Young Observer

Our fantastic Fandango festival workshop

  • Tune-up session: BHS students Laura Frith, Y5, Addy Thorpe, Y5, Sarah Davis,, Y4, Skye Backeberg, Y5, Lily Butler, Y4, Isla Curtis,  Y4. Hannah Taylor, Y5, and Charlotte LeSage, Y5, visit the Fandango workshop

During the Bermuda Festival, our music teacher Dr Derek Tully took us to City Hall to see a quartet called Fandango.

The word means a lively Spanish dance and is a fun name for a group. We had to be there by 11am so we had our recess first in the music room then walked over to City Hall.

It was a lovely sunny day. We took our musical instruments with us just in case we were asked to play.

There were four musicians in Fandango: flute, violin, guitar and cello. They came from all over the world: Bosnia, England, Spain and Colorado in the USA.

They played us music by a composer called Vivaldi who wrote music called The Four Seasons. The violinist played a part called Winter then asked us what it sounded like.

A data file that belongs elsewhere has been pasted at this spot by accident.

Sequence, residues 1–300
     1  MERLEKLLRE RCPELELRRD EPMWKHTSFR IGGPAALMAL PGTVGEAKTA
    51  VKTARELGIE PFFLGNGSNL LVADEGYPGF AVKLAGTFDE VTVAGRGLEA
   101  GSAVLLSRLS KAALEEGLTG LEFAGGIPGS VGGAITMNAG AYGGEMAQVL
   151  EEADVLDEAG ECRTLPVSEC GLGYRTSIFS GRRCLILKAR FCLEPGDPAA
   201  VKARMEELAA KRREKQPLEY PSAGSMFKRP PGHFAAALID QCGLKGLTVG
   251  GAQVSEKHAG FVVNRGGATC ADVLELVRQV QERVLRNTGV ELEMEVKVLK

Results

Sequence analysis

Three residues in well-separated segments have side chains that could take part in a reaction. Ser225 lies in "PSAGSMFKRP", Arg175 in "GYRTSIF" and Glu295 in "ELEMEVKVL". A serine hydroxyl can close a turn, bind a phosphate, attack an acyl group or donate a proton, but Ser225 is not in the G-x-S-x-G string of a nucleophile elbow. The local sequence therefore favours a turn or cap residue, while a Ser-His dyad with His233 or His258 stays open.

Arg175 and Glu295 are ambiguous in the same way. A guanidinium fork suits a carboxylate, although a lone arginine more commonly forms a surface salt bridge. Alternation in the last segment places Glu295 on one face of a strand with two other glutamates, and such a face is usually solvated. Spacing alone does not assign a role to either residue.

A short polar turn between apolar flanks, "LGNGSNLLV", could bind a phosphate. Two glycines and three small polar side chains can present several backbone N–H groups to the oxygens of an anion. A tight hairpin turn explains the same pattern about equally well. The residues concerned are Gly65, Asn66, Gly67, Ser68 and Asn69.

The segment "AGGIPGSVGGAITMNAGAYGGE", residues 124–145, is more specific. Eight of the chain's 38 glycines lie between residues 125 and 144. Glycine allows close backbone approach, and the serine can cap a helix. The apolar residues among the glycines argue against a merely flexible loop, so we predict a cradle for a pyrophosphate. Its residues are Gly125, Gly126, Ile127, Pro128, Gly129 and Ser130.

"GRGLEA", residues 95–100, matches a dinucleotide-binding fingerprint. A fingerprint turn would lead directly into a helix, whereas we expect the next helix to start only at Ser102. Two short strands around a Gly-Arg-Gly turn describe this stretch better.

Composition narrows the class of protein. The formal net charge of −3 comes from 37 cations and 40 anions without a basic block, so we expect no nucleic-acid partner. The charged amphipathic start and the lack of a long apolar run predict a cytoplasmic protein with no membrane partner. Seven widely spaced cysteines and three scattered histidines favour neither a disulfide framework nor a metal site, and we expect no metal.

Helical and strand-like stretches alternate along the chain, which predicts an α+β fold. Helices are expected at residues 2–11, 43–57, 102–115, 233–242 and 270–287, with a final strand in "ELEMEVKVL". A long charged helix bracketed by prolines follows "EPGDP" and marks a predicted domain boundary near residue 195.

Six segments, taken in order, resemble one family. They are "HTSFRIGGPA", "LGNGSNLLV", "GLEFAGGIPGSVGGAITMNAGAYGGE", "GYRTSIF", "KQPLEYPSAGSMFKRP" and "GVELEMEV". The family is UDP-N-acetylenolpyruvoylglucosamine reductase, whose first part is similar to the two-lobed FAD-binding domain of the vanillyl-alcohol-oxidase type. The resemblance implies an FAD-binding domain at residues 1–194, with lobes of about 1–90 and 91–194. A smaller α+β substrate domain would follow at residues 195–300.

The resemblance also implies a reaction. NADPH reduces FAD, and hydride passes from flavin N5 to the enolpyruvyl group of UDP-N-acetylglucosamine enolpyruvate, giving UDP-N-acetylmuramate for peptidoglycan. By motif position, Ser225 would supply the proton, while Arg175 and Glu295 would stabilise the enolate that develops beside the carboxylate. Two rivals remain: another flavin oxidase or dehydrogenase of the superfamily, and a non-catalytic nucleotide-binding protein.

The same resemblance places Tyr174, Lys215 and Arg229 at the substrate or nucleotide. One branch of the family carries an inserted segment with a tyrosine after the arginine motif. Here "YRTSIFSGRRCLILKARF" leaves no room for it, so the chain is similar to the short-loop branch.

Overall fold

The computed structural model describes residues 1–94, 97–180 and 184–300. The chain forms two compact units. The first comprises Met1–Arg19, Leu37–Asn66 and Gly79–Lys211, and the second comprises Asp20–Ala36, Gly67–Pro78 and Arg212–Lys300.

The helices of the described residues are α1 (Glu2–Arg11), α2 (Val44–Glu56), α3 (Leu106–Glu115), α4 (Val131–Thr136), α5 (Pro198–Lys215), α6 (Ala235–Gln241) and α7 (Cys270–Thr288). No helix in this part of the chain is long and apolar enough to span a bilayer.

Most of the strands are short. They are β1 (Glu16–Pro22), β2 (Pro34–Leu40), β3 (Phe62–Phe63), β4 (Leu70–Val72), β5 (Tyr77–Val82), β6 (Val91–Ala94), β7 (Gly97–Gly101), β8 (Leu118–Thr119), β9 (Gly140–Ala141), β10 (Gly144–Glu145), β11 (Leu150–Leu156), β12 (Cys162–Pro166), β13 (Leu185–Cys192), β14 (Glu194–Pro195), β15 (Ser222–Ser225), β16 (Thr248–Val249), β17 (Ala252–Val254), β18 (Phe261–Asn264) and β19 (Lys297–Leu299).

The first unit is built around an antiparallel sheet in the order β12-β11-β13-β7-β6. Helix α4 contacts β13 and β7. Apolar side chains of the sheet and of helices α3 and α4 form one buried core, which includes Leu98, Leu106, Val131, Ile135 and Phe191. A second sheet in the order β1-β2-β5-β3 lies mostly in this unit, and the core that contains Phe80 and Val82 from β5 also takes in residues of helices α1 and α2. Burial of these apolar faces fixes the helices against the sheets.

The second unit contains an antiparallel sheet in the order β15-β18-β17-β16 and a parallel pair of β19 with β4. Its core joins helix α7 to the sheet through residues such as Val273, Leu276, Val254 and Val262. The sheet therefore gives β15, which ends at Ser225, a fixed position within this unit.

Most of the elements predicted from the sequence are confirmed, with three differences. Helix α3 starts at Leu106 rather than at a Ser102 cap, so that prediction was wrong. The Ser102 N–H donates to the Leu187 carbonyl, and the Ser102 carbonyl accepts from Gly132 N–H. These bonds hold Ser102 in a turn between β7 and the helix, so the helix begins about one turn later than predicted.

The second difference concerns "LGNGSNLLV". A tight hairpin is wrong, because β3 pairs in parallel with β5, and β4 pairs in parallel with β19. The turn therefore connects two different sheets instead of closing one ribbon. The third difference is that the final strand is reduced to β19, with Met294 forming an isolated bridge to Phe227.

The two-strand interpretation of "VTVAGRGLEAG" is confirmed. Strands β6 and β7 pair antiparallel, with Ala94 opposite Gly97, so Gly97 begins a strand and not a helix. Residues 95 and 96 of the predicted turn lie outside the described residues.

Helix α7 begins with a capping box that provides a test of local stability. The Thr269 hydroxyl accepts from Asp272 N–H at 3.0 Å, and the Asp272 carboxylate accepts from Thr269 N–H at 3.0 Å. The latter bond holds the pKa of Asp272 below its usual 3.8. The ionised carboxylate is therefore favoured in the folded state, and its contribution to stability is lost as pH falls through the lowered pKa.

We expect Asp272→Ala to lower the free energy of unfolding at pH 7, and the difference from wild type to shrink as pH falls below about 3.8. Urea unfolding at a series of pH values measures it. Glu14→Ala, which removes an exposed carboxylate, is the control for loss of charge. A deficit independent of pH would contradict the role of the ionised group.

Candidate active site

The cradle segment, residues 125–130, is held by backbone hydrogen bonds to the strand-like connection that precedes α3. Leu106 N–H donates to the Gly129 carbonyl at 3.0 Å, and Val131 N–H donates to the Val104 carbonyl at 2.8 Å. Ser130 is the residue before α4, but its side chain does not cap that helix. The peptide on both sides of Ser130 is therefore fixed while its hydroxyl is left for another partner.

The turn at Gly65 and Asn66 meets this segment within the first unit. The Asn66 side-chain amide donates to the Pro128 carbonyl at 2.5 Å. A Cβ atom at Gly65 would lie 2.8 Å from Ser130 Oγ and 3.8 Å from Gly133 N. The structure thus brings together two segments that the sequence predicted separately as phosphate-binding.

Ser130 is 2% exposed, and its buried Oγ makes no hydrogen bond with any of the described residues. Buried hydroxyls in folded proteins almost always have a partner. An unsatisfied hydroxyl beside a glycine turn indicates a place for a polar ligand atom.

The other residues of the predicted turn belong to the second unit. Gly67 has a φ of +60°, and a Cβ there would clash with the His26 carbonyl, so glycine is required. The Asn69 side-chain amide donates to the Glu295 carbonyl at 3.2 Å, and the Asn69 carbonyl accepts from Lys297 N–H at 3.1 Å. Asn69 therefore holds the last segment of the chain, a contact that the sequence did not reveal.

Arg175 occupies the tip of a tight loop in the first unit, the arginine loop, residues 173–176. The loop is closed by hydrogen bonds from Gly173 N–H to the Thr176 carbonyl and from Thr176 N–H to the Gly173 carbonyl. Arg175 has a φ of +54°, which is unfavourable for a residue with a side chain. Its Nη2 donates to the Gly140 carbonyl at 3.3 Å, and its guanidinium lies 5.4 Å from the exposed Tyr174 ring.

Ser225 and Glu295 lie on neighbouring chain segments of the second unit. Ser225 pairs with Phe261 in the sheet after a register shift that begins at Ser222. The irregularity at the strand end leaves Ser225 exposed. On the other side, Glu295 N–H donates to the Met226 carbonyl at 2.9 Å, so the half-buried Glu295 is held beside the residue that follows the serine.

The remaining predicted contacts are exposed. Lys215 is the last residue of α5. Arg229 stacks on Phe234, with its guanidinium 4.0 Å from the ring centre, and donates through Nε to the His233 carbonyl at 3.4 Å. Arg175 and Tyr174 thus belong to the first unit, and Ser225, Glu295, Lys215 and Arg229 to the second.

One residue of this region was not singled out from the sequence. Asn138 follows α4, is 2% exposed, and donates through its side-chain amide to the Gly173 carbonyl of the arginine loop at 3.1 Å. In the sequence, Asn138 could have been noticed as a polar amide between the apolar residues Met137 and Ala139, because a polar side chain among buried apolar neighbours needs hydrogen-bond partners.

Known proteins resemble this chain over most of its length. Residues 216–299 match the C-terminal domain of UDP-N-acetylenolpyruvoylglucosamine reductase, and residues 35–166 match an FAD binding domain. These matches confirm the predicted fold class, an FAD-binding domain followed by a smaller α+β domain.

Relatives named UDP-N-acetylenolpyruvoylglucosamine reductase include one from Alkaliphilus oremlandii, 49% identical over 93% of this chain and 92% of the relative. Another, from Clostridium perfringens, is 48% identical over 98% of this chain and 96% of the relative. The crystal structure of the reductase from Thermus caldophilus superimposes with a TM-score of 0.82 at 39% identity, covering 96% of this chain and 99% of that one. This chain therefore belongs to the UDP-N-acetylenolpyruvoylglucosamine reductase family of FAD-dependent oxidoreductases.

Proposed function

We said it made us feel cold and made our teeth chatter.

Then the flautist and violinist played a really smooth piece, which reminded everyone of ice skating in winter.

They played for us the highest and lowest notes on their instruments, from violin to cello and we were very surprised at how high and how low they could make the flute, guitar, violin and cello sound.

Finally they told us about the age of the instruments. Desiree Ruhstrat has a violin made in 1680, which means that it is over 300 years old. Then Mr Cunliffe, the cellist, told us that his cello was 200 years old, which means that it was built in 1817.

After the workshop, we met Fandango and had our picture taken with them, before walking back to school to prepare for our Valentine Concert at the Ramp next morning.